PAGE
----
Tensions between Haiti and the Dominican Republic have grown in recent weeks while Dominican nationals are reportedly collaborating with some of Haiti’s most notorious criminal armed groups, particular the kidnappers based in Martissant and Village de Dieu.
Last week, Dominican President Luis Abinader traveled to Washington to meet with U.S. government officials about the situation and to address the Permanent Council of the Organization of American States (OAS) on Thu. Sep. 15.
“The crisis that overflows the borders of Haiti is a threat to the national security of the Dominican Republic”, Abinader told the body. He has been pushing for a renewed foreign military intervention into Haiti over the past several months and plans to build a $30 million border wall along the entire 244-mile frontier with Haiti, although only a small 14-mile section is currently under construction.
Furthermore, the Dominican Army has deployed some 12,000 troops along the border, including special forces and the elite 6th Mountain Rifles Battalion (similar to U. S. Army Rangers). Other forces are equipped with armored halftracks and ATVs mounted with heavy machine guns. Helicopters and Super Tucano aircraft have also been monitoring the border, which is reinforced with the latest surveillance technology, besides regular patrols.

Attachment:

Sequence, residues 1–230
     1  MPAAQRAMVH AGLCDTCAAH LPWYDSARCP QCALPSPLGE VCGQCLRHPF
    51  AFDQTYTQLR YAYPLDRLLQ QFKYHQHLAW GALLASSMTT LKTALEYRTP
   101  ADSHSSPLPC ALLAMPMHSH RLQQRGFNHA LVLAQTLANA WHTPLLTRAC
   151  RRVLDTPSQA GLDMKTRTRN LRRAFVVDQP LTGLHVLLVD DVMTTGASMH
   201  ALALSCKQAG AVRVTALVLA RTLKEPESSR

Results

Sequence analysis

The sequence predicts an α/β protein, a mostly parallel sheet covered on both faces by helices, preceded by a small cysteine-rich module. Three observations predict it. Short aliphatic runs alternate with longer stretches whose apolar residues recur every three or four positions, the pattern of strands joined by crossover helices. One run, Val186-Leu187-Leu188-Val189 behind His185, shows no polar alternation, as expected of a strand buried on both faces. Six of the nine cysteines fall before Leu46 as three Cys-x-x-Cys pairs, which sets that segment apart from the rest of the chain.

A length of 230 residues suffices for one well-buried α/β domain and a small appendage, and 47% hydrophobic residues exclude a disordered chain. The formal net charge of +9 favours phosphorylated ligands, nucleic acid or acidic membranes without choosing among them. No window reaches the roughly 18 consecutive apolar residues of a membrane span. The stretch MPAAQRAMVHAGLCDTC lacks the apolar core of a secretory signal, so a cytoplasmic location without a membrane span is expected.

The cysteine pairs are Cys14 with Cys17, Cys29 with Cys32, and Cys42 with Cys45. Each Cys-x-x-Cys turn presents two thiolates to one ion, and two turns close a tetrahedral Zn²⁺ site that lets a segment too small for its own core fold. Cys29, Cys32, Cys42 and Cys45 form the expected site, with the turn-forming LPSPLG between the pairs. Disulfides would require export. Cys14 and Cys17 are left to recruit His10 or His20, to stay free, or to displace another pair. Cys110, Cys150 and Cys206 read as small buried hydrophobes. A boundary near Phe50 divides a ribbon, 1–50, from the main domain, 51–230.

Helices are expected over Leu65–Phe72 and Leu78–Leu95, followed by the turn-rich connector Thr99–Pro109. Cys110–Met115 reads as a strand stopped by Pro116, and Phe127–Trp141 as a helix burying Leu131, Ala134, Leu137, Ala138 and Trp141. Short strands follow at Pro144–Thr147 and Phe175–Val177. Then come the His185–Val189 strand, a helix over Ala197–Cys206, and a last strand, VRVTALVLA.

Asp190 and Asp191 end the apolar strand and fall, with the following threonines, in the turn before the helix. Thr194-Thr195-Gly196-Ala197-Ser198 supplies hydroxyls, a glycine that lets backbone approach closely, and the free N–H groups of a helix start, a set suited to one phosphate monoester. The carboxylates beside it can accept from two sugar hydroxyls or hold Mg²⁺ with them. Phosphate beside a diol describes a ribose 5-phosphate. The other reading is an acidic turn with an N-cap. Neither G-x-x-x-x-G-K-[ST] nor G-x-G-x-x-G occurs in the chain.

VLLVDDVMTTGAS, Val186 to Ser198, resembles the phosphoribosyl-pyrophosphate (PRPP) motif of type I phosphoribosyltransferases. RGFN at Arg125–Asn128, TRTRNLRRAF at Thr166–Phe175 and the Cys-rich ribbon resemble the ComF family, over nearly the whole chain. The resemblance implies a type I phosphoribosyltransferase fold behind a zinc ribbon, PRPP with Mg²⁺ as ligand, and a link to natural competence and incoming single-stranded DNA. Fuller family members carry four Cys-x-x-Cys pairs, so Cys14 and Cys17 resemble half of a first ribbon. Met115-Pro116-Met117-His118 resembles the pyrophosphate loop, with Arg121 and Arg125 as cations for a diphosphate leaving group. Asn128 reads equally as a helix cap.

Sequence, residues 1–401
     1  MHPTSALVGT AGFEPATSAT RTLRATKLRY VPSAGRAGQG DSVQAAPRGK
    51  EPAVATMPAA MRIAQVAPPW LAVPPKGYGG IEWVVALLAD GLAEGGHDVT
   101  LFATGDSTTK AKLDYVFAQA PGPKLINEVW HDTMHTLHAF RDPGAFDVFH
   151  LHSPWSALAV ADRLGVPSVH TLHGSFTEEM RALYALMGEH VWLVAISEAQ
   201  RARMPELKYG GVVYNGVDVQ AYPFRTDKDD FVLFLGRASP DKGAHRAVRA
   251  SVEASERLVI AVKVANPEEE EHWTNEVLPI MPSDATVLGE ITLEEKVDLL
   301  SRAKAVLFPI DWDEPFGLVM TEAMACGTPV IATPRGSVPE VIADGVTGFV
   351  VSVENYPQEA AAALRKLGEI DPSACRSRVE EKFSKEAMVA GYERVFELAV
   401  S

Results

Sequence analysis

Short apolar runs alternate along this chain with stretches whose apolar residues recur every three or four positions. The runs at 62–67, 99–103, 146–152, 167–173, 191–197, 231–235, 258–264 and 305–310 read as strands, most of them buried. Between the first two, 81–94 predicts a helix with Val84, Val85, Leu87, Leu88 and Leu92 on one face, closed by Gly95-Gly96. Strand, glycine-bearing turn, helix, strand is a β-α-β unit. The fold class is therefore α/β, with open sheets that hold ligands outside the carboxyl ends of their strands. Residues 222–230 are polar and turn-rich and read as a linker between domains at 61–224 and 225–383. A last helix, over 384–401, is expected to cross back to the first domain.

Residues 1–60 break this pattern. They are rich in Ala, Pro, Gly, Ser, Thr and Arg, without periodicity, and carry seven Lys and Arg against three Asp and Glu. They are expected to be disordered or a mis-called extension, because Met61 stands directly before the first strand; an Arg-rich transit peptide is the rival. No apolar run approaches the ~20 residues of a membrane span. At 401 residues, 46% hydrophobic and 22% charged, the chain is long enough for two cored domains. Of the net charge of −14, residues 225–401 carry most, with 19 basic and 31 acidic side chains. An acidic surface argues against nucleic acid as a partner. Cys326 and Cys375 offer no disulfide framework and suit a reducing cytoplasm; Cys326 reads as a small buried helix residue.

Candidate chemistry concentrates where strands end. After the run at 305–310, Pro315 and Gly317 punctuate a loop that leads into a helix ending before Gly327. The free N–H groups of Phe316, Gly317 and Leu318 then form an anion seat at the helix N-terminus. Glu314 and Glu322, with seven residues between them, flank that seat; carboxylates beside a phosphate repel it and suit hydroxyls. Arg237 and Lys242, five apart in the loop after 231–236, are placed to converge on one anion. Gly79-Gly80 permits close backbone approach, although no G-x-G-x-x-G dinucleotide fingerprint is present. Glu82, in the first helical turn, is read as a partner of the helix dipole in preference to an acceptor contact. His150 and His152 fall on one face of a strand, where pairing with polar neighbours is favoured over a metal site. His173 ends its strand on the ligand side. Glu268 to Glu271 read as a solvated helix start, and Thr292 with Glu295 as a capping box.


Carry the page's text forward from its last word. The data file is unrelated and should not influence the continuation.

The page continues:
In November 2021, Abinader took the unusual step of suspending automatic yearly renewals for Haitian student visas, purportedly concerned that Haitian armed groups could infiltrate the DR disguised as students.
The increased security measures may help curb Haitians crossing into the DR but do nothing to stop Dominicans from traveling to “el pais vecino,” the “neighboring country,” as they often refer to Haiti.
In June, Diario Libre revealed that Molaï Ortiz Mieses, known as “Nèg a tè,” was a leading member of the Martissant gang headed by “Ti Lapli,” one of Haiti’s most brazen kidnapping kingpins.
According to the Haitian police, Mieses, 32, said that “many Dominicans are an integral part of the armed gangs that currently operate in Haiti.”
He also “allegedly revealed that each gang has Dominican nationals in its ranks” and “other gangs have direct connections with Dominicans,” Diario Libre reported.
The Haitian police also said they had arrested people connected with illegal arms trafficking across the border from the Dominican Republic via the Haitian towns of Belladère and Ouanaminthe, among others.